Academic Staff Members:
Dr Sam Hitchmough
Sam is an Associate Professor of Modern U.S. History specialising in both 20th century American Indian and African American activism. Recent and current interests include activist counter-narratives, the Red Power movement, and ideas of American authenticity. He also, maybe oddly, has an interest in Buffalo Bill’s Wild West Shows. He’s presently working on a history of the Red Power movement due out in 2023.
Dr Stephen Mawdsley
Stephen Mawdsley is a social historian of twentieth-century American medicine and public health. His first book, Selling Science: Polio and the Promise of Gamma Globulin (Rutgers University Press, 2016), examined the history of polio and immunization programs undertaken in the United States to control disease. More recently, he has become interested in the history of patent medicines, disability, and health activism, which is an intersection explored in his next book, The Jake Walk Blues.
Dr Lorenzo Costaguta
Lorenzo Costaguta is a Lecturer in US History at the University of Bristol. He specialises in ideas of race and class, radicalism and labour history in the United States and Europe. He is the author of Workers of All Colors Unite: Race and the Origins of American Socialism (University of Illinois Press, 2023).
Dr Thomas M Larkin
Augustine Heard Fellow, Department of History
I am a historian of Chinese and US History. My research draws upon global-microhistorical and transimperial histories methodologies to explore Sino-Western interaction, and colonial society and culture. Core interests include the ways race, gender, culture, and national identity were solidified or modified within colonial and semi-colonial spaces. I am also active in promoting the use of public-access tools for historical learning and in exploring the applications of digital humanities tools within qualitative research.
Ms Tricha Passes
Tricha took her BA(Hons) at the Courtauld Institute, University of London and won the Sotheby’s Prize for a research project on Edvard Munch and the Christiana Avant-garde. Her MA studies were undertaken in the Visual Culture Department at Bath Spa University. Her thesis examined the work of Roger Fry and Roland Penrose. Former research posts include work on ‘150 years of the Bristol School of Art’ (2003), ‘Peace Gardens of the 1980’s’ (2005) and ‘Stanley Spencer: Journey to Burghclere’, published by Prof. Paul Gough (2006) and the ‘Visual Representations of John Cabot’ for The Cabot Project, Bristol University (2013).
Dr Darius Wainwright
Darius Wainwright is a Lecturer in post-1945 American History in the Department of History at the University of Bristol. Darius’ research focuses on US-Iran relations and American public diplomacy during and after the Cold War. His PhD, an exploration of British and American cultural diplomacy in Iran in the 1950s, has just been turned into a monograph, published by Palgrave Macmillan. Darius has also written articles on US sport diplomacy and Anglo-Iranian Cold War propaganda. He is currently working on a new project, examining the 1964 New York World’s Fair’s cultural ties with the Global South. This project breaks new ground on the US’ role in the cultural Cold War, widening the scope of analysis to consider the role of New York City as an exponent of soft power.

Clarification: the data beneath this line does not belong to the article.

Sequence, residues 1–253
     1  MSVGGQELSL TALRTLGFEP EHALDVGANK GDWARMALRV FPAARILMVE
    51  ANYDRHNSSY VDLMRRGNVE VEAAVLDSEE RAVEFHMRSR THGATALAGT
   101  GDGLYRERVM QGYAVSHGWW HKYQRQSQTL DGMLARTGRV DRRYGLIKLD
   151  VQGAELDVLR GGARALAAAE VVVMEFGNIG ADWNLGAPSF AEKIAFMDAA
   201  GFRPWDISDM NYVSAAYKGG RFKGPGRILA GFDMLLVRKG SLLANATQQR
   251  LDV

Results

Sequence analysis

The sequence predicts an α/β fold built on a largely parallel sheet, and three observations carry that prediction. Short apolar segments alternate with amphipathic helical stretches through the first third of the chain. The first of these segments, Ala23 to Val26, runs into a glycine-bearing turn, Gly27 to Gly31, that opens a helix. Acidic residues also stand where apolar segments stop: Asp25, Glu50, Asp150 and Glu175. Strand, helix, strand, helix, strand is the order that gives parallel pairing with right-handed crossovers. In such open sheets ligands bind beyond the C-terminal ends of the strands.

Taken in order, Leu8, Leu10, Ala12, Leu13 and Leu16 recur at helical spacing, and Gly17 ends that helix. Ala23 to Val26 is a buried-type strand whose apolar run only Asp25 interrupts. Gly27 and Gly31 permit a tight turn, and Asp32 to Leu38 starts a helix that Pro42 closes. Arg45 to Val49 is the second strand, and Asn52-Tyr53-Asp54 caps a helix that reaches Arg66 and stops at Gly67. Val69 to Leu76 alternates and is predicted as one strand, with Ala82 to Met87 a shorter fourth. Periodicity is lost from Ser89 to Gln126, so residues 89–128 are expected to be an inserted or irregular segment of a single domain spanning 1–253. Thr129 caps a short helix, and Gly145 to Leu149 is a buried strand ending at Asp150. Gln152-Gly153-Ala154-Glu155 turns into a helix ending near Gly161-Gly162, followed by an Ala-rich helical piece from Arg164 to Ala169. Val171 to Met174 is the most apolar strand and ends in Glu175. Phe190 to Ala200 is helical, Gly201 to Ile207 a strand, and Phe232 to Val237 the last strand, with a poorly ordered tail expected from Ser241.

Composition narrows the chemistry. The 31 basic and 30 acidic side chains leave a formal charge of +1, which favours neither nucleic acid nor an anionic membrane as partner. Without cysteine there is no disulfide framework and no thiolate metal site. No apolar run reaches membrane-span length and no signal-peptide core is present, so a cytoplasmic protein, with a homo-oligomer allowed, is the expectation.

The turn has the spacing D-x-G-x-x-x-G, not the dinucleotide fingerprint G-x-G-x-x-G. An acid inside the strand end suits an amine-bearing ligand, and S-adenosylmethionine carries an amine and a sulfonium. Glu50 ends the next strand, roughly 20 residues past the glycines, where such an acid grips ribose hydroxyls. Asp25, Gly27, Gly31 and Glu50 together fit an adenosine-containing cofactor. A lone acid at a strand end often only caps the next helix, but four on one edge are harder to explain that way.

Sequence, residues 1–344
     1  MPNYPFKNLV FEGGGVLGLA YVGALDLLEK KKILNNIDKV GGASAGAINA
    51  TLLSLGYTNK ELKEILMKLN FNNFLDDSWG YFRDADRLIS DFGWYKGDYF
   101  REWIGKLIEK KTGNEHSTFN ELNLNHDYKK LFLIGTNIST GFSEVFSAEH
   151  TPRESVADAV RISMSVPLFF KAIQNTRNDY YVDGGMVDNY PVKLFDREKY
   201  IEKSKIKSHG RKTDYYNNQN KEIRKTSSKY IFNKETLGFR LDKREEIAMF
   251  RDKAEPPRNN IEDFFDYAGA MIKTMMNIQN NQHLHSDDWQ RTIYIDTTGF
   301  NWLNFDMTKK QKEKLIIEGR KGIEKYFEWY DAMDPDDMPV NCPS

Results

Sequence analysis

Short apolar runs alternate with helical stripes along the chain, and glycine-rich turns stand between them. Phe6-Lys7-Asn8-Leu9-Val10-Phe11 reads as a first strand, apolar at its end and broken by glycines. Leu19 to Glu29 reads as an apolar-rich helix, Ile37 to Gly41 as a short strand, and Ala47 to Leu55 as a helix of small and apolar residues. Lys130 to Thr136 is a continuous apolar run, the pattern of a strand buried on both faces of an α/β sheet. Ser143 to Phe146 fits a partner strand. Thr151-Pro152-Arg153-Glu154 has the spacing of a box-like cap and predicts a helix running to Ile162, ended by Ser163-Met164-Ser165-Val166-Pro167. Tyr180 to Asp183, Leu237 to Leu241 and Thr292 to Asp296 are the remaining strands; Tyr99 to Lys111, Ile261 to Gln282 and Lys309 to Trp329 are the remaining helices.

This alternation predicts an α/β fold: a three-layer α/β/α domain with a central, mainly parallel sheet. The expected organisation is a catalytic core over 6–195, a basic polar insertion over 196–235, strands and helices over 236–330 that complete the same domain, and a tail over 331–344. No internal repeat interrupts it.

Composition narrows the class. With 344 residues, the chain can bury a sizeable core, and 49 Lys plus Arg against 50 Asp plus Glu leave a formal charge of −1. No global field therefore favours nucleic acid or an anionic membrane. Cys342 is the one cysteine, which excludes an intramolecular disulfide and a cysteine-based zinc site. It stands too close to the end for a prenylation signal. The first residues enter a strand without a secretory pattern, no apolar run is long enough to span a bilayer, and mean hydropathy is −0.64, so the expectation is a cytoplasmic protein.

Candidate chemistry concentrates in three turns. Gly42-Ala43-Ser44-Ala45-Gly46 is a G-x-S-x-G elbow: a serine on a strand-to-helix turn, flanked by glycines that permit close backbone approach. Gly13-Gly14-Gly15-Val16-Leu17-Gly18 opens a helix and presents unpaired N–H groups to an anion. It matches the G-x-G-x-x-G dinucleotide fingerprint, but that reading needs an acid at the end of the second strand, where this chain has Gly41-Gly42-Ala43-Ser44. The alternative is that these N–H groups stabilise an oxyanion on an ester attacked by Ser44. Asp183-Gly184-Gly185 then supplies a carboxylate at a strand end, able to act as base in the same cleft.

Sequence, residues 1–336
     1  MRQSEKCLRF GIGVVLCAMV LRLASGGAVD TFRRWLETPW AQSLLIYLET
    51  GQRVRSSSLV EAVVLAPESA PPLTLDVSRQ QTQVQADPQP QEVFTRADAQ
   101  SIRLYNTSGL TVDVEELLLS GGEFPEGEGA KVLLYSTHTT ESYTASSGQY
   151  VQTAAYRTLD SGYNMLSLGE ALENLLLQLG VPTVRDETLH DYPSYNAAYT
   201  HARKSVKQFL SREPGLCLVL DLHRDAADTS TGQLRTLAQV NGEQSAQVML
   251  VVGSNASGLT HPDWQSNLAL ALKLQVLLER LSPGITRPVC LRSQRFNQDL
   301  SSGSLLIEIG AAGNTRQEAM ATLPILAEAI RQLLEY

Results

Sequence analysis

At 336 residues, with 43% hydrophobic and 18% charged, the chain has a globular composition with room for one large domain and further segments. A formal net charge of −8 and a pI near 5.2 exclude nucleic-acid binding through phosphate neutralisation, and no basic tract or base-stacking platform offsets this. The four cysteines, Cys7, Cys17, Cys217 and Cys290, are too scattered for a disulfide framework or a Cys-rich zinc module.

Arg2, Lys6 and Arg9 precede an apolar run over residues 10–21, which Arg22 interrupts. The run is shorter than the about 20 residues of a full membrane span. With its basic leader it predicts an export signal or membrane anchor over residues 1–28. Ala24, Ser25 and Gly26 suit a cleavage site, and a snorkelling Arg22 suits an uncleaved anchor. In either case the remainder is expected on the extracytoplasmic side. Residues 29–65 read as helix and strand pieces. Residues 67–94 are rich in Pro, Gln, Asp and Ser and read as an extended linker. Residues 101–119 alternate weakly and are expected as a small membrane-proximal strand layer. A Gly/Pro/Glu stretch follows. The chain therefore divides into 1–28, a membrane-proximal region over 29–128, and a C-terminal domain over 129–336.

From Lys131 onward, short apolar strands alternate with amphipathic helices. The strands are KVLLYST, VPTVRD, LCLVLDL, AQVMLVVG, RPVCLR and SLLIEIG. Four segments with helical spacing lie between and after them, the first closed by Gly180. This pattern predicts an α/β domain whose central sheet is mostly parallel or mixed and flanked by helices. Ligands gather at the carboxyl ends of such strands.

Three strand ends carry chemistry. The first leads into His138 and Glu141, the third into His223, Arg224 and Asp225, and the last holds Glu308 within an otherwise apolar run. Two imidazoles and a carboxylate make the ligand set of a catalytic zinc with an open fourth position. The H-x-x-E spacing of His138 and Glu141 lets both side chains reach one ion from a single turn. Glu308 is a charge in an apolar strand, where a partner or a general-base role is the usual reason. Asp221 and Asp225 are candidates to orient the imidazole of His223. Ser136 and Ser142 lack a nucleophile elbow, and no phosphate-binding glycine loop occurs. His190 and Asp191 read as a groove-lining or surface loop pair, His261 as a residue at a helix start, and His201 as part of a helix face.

Dr Kate Guthrie
My research interests lie in the cultural, political and social history of Western art music in the twentieth century. Having published my first book, The Art of Appreciation: Music and Middlebrow Culture in Modern Britain, in 2021, I’m now beginning a new project on Leonard Bernstein and his audiences. Working with the vast and largely undocumented collection of fan mail he received during the 1960s and 1970s, I want to explore how classical music culture was embedded in an array of everyday practices – from letter-writing to autograph collecting, from school projects to television viewing. I am particularly interested in how the emotions figured within classical music discourse, and the lessons that contemporary public musicology might learn from the past.
Dr Rebecca Kosick
Rebecca Kosick is a Senior Lecturer in Comparative Poetry and Poetics in the School of Modern Languages and co-director of the Bristol Poetry Institute. She works primarily on the 20th and 21st centuries, with a focus on artists and poets from the American hemisphere including Brazil, Latin America, the US and Canada. She is currently writing a monograph entitled Detroit’s Alternative Press: Dispatches from the Avant-Garage on the small-press publishing of letterpress and hand-made poetry postcards and mail art distributed from Michigan between 1969 and 1999.
Dr Karen Skinazi
Dr. Karen E. H. Skinazi, Associate Professor and the Director of Liberal Arts, is an interdisciplinary scholar of late-19th through 21st-century Jewish, multiethnic, American, and women’s literature and culture. She is the author of the monograph Women of Valor: Orthodox Jewish Troll Fighters, Crime Writers, and Rock Stars in Contemporary Literature and Culture (Rutgers University Press, 2018), which was awarded Honorable Mention for the Canadian Association for American Studies’ book prize. She also published a critical edition of the 1916 semi-fictionalized biography Marion: The Story of an Artist’s Model by Winnifred Eaton/Onoto Watanna, the first Asian North American novelist (McGill-Queen’s UP, 2012). Karen is the co-chair of the West Midlands Nisa Nashim Jewish-Muslim Women’s Network Book Group, and she is currently writing a new monograph, Chani and Fatima Join a Book Club, examining Muslim and Jewish women’s lives, literature, and activism in Britain and the US. She is also writing a novel of historical fiction, Ness, supported by the Genesis Jewish Book Emerging Writers Programme and mentored by American-British novelist Tracy Chevalier. Karen’s articles have appeared in numerous academic journals and popular venues, and she is a fiction reviewer for the California-based Jewish Journal. She did her BA in Toronto, her MA and PhD in New York, and she has taught at universities in the US, Canada, and England.